PUEBLO, Colo. — With only 73 days left until election day this November, a group of women in southern Colorado celebrating the 100th anniversary of the 19th amendment.

The 19th amendment — passed in 1920 — gave women the right to vote.

Saturday in front of the Union Depot in downtown Pueblo members of the Women Suffrage Centennial, Southern Colorado celebrated the ratification of that amendment with a re-enactment parade.

The right to vote for women did not come without protests, without push back and without people being sent to jail for what they believed in.

The two women who spoke to us are descendants of women activists who fought for women suffrage more than 100 years ago.

“It’s been a source of pride for me because this is a human rights movement, as important as any human rights movement. Civil rights or any kind of equality movement. We are an example of this human rights campaign. We are still trying after 100 years to pass the equal rights amendment,” said Louise Ewing Burg.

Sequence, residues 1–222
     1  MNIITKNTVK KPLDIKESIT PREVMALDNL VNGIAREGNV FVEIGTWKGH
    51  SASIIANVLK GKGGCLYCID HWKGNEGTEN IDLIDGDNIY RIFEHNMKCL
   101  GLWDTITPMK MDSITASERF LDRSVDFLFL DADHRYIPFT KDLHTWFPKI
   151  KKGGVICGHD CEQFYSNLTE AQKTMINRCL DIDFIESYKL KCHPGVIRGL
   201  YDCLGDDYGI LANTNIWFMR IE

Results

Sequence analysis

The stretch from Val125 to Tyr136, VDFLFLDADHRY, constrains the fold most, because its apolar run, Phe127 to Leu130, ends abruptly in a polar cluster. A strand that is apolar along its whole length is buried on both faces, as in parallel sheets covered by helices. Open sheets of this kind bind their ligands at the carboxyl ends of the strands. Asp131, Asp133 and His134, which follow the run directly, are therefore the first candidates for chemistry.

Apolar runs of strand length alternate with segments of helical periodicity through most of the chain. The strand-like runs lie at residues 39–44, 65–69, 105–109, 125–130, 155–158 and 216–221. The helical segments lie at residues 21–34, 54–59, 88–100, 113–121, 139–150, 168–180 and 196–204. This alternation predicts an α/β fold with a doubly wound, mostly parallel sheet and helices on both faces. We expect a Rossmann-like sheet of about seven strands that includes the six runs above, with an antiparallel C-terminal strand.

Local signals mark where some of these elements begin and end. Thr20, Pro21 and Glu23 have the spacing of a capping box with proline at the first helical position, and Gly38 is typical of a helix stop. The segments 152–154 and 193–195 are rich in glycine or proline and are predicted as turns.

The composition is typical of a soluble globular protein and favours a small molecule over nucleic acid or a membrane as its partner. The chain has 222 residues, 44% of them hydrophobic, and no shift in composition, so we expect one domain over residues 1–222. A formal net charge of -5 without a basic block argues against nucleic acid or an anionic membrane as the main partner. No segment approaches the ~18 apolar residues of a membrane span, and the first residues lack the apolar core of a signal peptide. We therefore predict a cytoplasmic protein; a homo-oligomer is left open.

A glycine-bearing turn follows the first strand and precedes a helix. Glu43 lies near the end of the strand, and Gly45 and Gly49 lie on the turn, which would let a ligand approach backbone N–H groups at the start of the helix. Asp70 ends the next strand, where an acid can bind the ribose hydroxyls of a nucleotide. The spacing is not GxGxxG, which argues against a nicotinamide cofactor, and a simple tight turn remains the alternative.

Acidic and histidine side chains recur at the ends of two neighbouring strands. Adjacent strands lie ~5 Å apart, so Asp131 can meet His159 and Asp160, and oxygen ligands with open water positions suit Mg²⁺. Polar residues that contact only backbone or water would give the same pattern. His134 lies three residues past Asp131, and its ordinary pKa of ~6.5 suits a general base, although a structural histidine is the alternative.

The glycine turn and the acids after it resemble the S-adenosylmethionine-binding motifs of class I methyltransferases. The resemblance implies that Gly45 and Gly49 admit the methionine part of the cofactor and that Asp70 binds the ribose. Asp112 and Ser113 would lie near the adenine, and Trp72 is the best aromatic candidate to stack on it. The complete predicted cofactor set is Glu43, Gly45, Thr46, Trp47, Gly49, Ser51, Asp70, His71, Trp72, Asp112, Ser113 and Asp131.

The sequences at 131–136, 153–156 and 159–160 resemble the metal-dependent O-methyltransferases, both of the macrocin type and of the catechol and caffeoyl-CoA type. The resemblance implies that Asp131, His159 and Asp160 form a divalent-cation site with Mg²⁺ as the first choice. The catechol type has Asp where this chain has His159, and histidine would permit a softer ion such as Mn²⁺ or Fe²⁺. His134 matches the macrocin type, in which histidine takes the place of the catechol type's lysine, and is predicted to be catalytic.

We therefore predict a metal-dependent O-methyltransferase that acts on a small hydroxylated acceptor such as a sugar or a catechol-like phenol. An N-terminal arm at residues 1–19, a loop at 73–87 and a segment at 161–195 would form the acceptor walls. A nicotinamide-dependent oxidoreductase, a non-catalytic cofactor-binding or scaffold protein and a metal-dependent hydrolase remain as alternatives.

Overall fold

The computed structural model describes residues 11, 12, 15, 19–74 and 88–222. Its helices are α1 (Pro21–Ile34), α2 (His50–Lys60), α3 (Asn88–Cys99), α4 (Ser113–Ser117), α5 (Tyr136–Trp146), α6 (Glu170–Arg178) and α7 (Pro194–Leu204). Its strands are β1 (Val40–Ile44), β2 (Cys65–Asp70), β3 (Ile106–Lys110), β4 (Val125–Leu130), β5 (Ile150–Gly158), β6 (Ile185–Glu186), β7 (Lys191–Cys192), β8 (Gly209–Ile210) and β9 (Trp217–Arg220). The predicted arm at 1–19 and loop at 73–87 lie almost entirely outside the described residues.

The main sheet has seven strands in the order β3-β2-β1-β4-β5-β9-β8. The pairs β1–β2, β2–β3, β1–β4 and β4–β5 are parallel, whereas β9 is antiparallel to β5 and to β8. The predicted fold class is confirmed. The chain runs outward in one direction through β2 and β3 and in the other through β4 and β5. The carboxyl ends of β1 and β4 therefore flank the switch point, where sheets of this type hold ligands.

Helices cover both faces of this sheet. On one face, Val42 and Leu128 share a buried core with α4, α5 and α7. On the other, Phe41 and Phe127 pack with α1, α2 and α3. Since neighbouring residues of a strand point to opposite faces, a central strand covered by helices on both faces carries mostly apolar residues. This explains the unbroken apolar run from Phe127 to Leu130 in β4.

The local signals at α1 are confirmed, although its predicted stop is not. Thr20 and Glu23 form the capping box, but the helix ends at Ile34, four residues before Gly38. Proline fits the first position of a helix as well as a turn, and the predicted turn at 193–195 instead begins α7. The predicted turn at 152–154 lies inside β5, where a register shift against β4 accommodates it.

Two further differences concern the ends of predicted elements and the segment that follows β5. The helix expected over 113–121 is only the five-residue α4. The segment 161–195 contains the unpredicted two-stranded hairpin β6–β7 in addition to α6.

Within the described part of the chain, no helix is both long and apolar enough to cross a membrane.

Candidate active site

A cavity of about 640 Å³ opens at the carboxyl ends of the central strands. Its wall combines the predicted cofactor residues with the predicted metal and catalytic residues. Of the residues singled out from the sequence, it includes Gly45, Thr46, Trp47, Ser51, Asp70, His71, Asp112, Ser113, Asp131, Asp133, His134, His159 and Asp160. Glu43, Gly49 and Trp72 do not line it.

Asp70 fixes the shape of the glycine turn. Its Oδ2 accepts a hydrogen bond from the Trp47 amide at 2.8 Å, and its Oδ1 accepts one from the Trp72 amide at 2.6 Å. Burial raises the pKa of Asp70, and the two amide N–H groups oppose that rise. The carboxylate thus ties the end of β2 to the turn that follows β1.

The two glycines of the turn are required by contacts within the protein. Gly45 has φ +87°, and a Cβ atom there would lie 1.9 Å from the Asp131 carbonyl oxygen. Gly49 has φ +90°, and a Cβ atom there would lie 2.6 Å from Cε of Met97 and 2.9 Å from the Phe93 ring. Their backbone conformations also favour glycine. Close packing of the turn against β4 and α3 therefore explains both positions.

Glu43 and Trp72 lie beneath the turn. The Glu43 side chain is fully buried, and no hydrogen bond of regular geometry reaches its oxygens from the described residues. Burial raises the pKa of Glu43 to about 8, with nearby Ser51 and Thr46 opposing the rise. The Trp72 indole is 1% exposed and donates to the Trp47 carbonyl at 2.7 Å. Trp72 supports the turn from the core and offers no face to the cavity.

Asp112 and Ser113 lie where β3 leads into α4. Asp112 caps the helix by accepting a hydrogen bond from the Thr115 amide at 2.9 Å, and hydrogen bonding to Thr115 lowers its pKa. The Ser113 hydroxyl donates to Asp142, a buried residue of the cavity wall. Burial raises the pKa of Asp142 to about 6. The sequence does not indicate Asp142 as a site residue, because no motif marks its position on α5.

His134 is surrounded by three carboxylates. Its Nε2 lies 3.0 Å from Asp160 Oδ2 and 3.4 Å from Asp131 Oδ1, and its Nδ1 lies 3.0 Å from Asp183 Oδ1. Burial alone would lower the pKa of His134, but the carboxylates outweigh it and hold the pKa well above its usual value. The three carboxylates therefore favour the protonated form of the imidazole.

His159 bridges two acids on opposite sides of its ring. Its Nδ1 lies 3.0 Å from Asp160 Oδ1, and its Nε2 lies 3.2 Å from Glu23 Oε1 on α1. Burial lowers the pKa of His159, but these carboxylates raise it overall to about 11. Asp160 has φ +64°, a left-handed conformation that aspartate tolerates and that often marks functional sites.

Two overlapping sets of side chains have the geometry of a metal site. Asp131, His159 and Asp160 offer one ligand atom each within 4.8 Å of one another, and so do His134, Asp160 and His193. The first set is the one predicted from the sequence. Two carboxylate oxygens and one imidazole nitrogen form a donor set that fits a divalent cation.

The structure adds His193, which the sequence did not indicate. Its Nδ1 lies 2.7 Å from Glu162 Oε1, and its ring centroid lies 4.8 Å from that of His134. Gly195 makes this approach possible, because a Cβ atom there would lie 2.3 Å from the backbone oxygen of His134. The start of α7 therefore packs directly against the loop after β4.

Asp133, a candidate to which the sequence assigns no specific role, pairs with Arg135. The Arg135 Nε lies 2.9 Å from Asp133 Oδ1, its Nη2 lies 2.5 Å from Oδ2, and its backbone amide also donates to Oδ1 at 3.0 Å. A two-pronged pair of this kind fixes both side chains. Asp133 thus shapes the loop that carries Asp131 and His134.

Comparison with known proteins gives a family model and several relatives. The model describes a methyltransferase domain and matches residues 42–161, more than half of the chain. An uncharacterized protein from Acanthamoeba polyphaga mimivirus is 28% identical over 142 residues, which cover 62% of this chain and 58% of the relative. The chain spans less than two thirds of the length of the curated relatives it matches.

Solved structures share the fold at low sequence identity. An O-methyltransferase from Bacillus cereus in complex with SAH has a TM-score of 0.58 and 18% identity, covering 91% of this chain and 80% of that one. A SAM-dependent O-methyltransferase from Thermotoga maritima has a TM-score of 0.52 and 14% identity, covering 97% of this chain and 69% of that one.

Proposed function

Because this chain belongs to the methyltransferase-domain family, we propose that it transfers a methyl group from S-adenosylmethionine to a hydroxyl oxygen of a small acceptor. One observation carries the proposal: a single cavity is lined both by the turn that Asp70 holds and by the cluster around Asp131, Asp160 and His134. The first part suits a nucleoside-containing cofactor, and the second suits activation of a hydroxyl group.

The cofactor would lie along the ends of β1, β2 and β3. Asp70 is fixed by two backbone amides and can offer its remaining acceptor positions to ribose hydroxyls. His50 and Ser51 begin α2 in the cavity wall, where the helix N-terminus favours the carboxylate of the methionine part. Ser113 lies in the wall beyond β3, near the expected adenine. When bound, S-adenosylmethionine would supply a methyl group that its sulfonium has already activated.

As Burg tells it, her grandmother Lucy Ewing was jailed for protesting women’s right to vote in 1917.

“There are many people in this country who take [the right to vote] for granted. Other countries have percentage of people voting at 80-85 percent we don’t have anything near that. This is a critical election, voter suppression is rampant in many states,” said Leslie Cates. “Our vote matters.”

The group encouraging all women, no matter what political party, to get out an vote.